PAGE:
It’s an exciting time for Ruby enthusiasts. With the release of Ruby 3.1 as well as Rails 7, we have new toys to play with and test. It’s exciting to find out what has changed, so we compiled a (non-exhaustive) list of some of the biggest new features in both the language and the framework.
Introduced in late December 2021, this version of Ruby comes with a number of new tricks. Ruby 3’s main themes are speed and performance. The original goal from December 2020 is to make the language three times faster than Ruby 2.x.
Firstly, Ruby already has a JIT compiler, MJIT. Sadly, it isn’t delivering as expected in terms of performance. YJIT, which was originally developed at Shopify, is now more widely available and reportedly more suited to efficiently handling Rails code – by 15 to 19%. YJIT achieves this by using basic block versioning with a JIT compiler inside. It warms up fast, too. As the compiler is still very new, it’s not yet enabled by default.
The story of the debugger is similar to the story of the compiler. The old debugger, lib/debug.rb wasn’t up to performance standards. As such, debug.gem was introduced, with the promise of not affecting application performance as it searches for bugs. It also offers remote and multi-thread debugging, as well as a number of other neat features.
While we’re on the subject of debugging, the Ruby 3.1 bundle includes the error_highlight gem, which, as the name suggests, offers more effective error messages.
This addition, particularly useful with keyword arguments, adds the option of omitting the keys of a hash when the keys and a variable method in the scope have the same value. It also works for keyword arguments values for methods. The result should be more concise code.
Ruby 3.1 allows you to skip the parentheses for single-line pattern matching. Additionally, the ^ operator can now accept an expression.
Here’s another quality feature. Thanks to anonymous block forwarding, passing a block argument to another method doesn’t require you to name it. All you need to do is refer to it.
This improvement means that the pin operator now comes with support for expressions, constants, as well as instance and class variables.
Class#subclasses returns the directly inherited subclasses of the class in question.
What’s new with IRB? An autocomplete menu, as well as access to the documentation via tabbing through the options.
Released in early January, the 7.0.1 version of Ruby on Rails has been long awaited. Basecamp, Github and Shopify have already had the alpha release on production, which makes for some level of guarantee of the release’s stability. Let’s take a look at what we get from Rails 7, and how we feel about it.
The potential downside is that, without transpiling, a lot depends on browsers supporting ES6 out of the box. And using TypeScript or JSX is also out. But you can handle this by using the appropriate setup for your situation.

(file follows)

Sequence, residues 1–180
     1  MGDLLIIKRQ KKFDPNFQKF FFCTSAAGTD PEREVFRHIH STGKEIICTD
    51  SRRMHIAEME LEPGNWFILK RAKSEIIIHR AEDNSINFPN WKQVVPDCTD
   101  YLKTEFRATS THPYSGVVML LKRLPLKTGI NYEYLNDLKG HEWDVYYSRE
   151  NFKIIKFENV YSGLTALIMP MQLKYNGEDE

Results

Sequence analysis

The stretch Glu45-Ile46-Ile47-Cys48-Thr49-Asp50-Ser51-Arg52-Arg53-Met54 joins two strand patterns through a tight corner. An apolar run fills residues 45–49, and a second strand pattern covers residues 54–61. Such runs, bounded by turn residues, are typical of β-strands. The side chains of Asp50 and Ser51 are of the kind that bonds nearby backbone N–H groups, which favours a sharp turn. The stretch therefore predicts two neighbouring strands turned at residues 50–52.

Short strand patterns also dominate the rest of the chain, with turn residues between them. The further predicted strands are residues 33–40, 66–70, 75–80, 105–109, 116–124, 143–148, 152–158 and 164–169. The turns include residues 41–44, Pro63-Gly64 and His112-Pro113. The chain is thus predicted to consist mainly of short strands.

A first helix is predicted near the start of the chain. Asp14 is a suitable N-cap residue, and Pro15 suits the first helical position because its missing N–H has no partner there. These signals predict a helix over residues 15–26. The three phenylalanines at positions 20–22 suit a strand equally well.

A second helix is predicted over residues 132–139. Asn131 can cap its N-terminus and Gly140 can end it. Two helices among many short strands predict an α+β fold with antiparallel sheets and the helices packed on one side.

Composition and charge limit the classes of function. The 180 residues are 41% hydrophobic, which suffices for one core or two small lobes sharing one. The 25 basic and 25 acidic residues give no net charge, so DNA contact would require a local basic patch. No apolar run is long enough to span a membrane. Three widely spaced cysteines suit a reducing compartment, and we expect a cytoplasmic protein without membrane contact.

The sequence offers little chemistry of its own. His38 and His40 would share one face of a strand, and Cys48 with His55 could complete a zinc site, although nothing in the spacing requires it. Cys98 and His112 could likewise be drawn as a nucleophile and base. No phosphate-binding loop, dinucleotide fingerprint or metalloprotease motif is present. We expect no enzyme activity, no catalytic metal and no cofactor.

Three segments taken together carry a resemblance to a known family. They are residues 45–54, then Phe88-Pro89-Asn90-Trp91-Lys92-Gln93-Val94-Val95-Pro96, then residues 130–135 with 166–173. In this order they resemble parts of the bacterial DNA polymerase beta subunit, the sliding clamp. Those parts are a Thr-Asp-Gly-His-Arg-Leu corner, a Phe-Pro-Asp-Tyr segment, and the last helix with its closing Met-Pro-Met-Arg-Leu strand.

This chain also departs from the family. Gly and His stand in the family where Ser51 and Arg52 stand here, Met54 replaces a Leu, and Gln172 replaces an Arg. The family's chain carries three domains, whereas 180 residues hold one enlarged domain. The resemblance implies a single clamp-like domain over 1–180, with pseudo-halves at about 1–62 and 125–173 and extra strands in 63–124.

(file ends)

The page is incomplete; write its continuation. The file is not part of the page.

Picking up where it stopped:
Turbo, Stimulus and Hotwire
Database layer encryption
Thanks to Rails 7’s encrypt method, we can now mark specific database fields as encrypted. These attributes are then used as normal, because Rails automatically handles encrypting and decrypting between the database and the app.
This change is worth paying attention to, as it can affect older applications that use the classic loader. With Rails 7, all apps must switch to Zeitwerk mode – which is easy to do.
With the new load_async method, you can query data and fetch results in the background. So, loading a number of unrelated queries for a controller action will be faster.
Unlimited retry jobs
Just like it says on the lid: using :unlimited as the attempts parameter for retry_on results in no limit on the number of retries.
If you want to find out if an association is present on a record, you can now use where.associated(:association).
The new tag.attributes method, used in views, translates a hash into HTML attributes.
If you want to start streaming a file that is in the process of being generated, you can simply use send_stream inside a controller action. You’ll get an instant response, telling the user that something is going on under the hood.
By naming variants on ActiveStorage, you can avoid specifying their size every time.
When you’re looking for a single record, you can specify this for your query by calling sole or find_sole_by.
How do we like Ruby 3.1 and Rails 7 so far?
Those Rails experts at United Ideas who got to work with the newest versions of Ruby and RoR are optimistic about the changes made so far. We’re definitely glad that the programming language and framework we love is growing and improving. We’re also pretty excited about some of the new features – we’ll leave the details for future blog posts, in which we’ll dive into our experiences with Ruby 3.1 and Rails 7.
What about you? Are you a fan of the new versions? Or would you like to upgrade your app? Let us know, we’d love to hear from you.